So many of these 1,000 London Things involve slowing down to look at the view. Sometimes there’s nothing you need more in a pulsing city like this than to stop in the middle of everything (no matter how much it annoys everyone who has to walk around you) and remember that you are part of this system.
You are this place, and this place is you.
#403: Dangle on the cable car.
The Emirates Air Line, more popularly known as the Thames cable car or the coolest way to get across the river, opened last year, just in time for the 2012 Olympics in London.
Gondola cabins that can hold about 8 people cross the river at a peak of 300 feet, leaving you hard pressed to decide whether to gaze at the gorgeous views of Canary Wharf and the O2 to the west or the Connaught Bridge and the new Docklands housing to the east.
This is one of my favourite parts of London, where old meets new and the result hasn’t fully been worked out yet. Crossing over the Thames in this part of the city shows you the sights, as well as its grit.
This area looks nothing like it did 20 years ago, let alone 50 or 100 years ago (the picture of hundreds of elephant tusks neatly stacked and sorted on the Ivory Floor still makes my jaw drop), so how much longer can we really think it will look like this? I’m sure if a lot of Londoners had their way, the Emirates Air Line wouldn’t exist anymore and would be doomed to the scrap heap of fantastic but uneconomical ideas.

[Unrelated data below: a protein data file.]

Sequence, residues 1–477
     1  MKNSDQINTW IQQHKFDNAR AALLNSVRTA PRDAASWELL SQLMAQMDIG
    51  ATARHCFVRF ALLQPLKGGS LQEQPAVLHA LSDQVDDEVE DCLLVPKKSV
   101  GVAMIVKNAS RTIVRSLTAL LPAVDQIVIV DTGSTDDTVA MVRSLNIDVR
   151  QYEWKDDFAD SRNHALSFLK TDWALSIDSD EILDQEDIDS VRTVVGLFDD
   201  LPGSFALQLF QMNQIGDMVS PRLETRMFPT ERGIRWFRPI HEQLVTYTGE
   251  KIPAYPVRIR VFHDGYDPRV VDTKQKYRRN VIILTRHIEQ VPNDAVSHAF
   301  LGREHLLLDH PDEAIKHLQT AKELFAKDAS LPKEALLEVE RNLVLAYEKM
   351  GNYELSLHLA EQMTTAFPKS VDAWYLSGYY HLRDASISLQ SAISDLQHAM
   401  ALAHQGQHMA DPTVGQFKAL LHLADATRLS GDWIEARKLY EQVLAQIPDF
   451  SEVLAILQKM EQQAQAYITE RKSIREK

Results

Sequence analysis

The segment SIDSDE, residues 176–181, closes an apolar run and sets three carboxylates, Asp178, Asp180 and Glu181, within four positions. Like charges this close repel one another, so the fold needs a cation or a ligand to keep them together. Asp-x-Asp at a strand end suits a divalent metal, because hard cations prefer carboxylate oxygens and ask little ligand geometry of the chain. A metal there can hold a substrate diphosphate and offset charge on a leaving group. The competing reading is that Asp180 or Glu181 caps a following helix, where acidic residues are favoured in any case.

I recently read this beautiful sentiment in the Kentish Towner about another London view, one I visited in my first post about Parliament Hill, and it still echoes true for other London views we cherish:
This is to be our view, but it will certainly not be the only view… the shape of the city laid out in front continues to shift. A living, breathing entity. When viewed collectively, the buildings display characteristics beyond the bold statements intended by their architects.
Who knows what this view, this system, this place will look like when we finally land.